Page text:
Japan’s Building 2 Aegis Destroyers

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Japan’s Building 2 Aegis Destroyers

Tokyo is accelerating its timetable for acquiring two additional Aegis-equipped ballistic missile defense ships.

Japan’s Building 2 Aegis Destroyers
Credit: Wikimedia Commons

Japan will build two more Aegis-equipped destroyers by 2020, a local newspaper is reporting.

According to The Yomiuri Shimbun, a right-leaning Japanese newspaper, the Japanese government will start funding construction of new Aegis ships over the next two fiscal years. The Defense Ministry will allocate funding for the first ship during fiscal year 2015, while the second ship will begin receiving funds in FY2016.

In the 2014 National Defense Program Guidelines, which were approved by the Cabinet in December 2013, Tokyo said it intended to build two new Aegis-equipped ships within the next decade. The Yomiuri Shimbun report, which cited “unnamed sources” without providing further details, suggests that the timetable outlined in the National Defense Program Guidelines has now been accerelated.

The report said that each additional Aegis ship would cost 150 billion yen (approximately $1.5 billion) and take around five years to complete. Japan’s Maritime Self-Defense Forces (MSDF) already operates six Aegis-equipped destroyers.

The Yomiuri Shimbun report suggested that North Korea was the main factor driving the decision to acquire additional Aegis-equipped destroyers. North Korea has been testing missiles—including ballistic missiles—at an unprecedented rate this year. After Pyongyang tested two Rodong-class (Nodong) mid-range ballistic missiles back in March, Japanese Defense Minister Itsunori Onodera ordered the MSDF to shoot down any ballistic missile North Korea launched throughout most of the month of April. One of Japan’s Aegis-equipped destroyers was deployed to the Sea of Japan to lend credibility to that threat.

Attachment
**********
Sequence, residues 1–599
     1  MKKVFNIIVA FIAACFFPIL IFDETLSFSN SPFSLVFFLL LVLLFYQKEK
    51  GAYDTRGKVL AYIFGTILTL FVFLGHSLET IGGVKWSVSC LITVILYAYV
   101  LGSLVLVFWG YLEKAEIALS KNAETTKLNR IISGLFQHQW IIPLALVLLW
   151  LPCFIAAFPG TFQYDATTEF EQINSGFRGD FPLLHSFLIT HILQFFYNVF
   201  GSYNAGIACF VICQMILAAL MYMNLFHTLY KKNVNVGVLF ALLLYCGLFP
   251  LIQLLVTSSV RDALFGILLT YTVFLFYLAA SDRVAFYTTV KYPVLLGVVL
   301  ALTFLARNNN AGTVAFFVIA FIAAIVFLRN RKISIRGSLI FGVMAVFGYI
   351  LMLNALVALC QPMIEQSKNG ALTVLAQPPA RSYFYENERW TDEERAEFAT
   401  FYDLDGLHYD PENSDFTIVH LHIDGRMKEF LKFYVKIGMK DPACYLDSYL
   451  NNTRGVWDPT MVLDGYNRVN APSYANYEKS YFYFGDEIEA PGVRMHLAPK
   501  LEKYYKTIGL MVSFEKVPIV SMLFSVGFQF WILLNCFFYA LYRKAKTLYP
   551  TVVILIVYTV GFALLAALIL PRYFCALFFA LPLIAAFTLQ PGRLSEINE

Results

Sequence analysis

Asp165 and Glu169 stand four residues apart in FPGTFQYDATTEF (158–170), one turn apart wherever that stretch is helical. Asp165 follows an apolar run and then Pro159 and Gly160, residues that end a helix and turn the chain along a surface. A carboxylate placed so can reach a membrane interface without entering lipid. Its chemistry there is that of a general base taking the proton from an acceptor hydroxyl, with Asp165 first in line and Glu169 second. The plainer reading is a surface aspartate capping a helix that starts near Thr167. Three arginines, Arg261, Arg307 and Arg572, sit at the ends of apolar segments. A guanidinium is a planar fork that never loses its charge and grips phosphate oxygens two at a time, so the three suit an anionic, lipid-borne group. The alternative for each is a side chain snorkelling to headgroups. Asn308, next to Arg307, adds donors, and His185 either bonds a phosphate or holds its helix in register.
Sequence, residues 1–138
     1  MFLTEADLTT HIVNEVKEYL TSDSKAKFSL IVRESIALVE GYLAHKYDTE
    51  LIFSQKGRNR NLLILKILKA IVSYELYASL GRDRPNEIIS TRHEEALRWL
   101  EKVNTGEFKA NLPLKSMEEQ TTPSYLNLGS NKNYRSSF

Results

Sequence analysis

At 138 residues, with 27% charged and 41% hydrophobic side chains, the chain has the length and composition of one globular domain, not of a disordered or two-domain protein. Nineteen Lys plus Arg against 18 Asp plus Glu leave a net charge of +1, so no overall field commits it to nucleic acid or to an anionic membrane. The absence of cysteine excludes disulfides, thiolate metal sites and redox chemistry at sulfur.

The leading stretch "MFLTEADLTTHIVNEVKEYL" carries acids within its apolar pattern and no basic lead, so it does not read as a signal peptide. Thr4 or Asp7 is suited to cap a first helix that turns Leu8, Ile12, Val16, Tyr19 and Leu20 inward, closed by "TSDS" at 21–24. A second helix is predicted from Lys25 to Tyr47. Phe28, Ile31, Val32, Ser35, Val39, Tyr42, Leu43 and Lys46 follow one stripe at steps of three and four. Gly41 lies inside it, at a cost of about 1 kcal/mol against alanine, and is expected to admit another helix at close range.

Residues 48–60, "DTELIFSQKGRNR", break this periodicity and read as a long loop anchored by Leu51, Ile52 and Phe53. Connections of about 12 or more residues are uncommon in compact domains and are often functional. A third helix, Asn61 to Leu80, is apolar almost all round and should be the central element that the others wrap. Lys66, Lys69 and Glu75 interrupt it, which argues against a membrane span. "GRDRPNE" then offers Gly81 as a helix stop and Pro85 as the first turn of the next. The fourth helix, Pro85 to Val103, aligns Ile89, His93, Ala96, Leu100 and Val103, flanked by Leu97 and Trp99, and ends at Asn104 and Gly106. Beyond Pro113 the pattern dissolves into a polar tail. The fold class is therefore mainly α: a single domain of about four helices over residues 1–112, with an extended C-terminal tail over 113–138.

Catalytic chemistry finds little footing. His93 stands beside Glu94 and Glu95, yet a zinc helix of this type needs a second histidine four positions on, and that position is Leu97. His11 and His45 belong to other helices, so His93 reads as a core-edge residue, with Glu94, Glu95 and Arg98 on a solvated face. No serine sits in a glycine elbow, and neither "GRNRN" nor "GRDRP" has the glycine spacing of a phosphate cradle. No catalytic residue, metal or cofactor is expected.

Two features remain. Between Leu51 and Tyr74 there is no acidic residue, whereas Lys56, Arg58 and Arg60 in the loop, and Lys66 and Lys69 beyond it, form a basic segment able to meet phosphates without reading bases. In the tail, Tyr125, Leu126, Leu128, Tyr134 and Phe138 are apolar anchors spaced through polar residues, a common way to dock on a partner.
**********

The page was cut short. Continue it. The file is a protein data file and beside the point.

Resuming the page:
Also during April of this year, U.S. Defense Secretary Chuck Hagel announced that the United States would forward deploy two additional Aegis-equipped ships to Japan by 2017. He cited North Korea’s provocations as the main reason for the reinforcements.

“In response to Pyongyang¹s pattern of provocative and destabilizing actions, including recent missile launches in violation of U.N. Security Council resolutions, I can announce today that the United States is planning to forward-deploy two additional Aegis ballistic missile defense ships to Japan by 2017,” Hagel said at the time.

The U.S. currently deploys five Aegis-equipped destroyers in Japan.

Defense Minister Onodera has also cited the continuous missile threat from North Korea as the reason why Japan’s MSDF would need to acquire additional Aegis ships.

The Japanese and American Aegis vessels will also boost the alliance’s ability to defend against China’s growing ballistic missile capabilities, including the DF-21 “carrier killer” anti-ship ballistic missile.

Aegis ships are also expected to work seamlessly with the F-35 Joint Strike Fighter, with the F-35 greatly enhancing the Aegis system’s effectiveness. Not coincidentally, the three Asian nations that operate Aegis-equipped vessels—namely Australia, South Korea and Japan—are the same ones that have committed to buying F-35s.